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Outside Providence

by Cynthia Fuchs
Posted 10 September 1999

Shawn Hatosy says he doesn't "feel like a movie star." This despite the fact that he is starring in Outside Providence, co-produced and co-written by Peter and Bobby Farrelly (who also made Something About Mary, Dumb and Dumber, and Kingpin, a resume that puts them at the forefront of today's gross-out comedy trend). Hatosy and his co-star, Amy Smart, are promoting the new film (which keeps the vomit jokes somewhat in check), in which they play high school lovers who smoke dope and generally break rules, circa 1970s.

Answering questions concerning the film's content and rating (R), they are strikingly poised, proper, and thoughtful about their new roles as "stars." Both smile sweetly and say thank you for the coffee offered to them by their handlers.

Hatosy's self-effacing grace goes a long way toward appeasing interviewers who are concerned that they aren't going to talk with the Farrelly brothers themselves, or Alec Baldwin, who plays Hatosy's father in the film. These "stars" are only promoting the film on television: this is what stars -- who are busy people, after all -- can do. They can decide how to use their time. When you're up and coming, you do what you're told to do by the "company'' (in this case, Miramax). Reporters, meanwhile, have to cover newsworthy subjects, like movie stars. Hence the minor dilemma of the moment: here's the young (23) and quietly enthusiastic Hatosy, feeling not like a movie star in a room full of interviewers who want him to be one.

He says he's proud of the film, which he calls an "honest'' narrative about growing up in Rhode Island during the seventies. When reading the script -- written by the Farrellys and director Michael Corrente (who also made the underseen Federal Hill), and based on a 1988 novel by Peter Farrelly -- Hatosy says he felt "these were things that have happened to me, sort of in different ways, the relationship with his father, first love."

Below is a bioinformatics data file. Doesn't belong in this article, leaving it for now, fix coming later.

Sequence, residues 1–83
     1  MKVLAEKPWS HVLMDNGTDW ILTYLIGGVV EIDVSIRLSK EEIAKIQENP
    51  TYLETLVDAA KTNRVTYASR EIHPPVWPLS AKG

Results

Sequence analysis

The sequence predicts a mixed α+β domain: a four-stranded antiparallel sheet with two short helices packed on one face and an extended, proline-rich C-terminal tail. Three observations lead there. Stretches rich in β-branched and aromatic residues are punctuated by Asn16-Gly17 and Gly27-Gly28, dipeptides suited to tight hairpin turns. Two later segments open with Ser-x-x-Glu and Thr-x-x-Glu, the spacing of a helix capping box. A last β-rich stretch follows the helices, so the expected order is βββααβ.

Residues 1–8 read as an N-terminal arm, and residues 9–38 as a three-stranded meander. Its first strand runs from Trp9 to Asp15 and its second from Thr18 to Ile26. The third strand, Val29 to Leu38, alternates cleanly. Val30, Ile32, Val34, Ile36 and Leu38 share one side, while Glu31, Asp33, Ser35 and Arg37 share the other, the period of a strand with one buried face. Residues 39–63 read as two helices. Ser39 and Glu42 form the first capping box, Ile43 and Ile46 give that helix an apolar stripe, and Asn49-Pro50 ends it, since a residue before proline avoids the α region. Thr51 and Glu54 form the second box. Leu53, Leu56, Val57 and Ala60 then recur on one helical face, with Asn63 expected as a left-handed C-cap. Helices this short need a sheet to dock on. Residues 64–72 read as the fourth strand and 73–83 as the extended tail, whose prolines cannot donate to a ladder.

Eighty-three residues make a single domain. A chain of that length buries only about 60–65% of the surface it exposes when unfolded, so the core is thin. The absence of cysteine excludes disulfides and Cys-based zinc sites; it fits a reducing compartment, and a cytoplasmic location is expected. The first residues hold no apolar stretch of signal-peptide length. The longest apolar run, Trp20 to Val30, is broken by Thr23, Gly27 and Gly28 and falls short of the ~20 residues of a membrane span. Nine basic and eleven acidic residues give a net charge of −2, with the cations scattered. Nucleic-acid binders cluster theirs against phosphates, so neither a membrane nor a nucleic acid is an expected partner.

And yet, he points out, these general similarities are also mitigated by some real differences between his own experience and that of Timothy Dunphy, his character in Outside Providence. Coming up in suburban Frederick, Maryland, Hatosy knew early on that he wanted to perform, and began working in commercials, high school theater, and small independent films in Baltimore and Washington DC. He also formed a band for which he played guitar, sang, and wrote songs. And he made an industrial film, for the American Pharmaceutical Company, at age 16. He played a teen who is informed by his doctor that he has an STD. He's thankful, he says, that he has never seen the film.

Despite -- or perhaps because of -- his lack of experience as role model, Hatosy seems especially prudent and self-aware. Asked to describe the differences between “stoner” culture -- which figures largely in Dunphy's on screen life -- in the 70s and the 90s, Hatosy shows himself to be a capable team player (as the film's explicit depiction of drug use may trouble some viewers, despite the fact that such use is not condoned, per se). He observes that "the pot was cheaper" back then. And, he says, so very correctly, "these kids [in the movie] didn't know the bad in doing drugs. Now there's so much more information about why it's not good. And there's a lot more drugs too."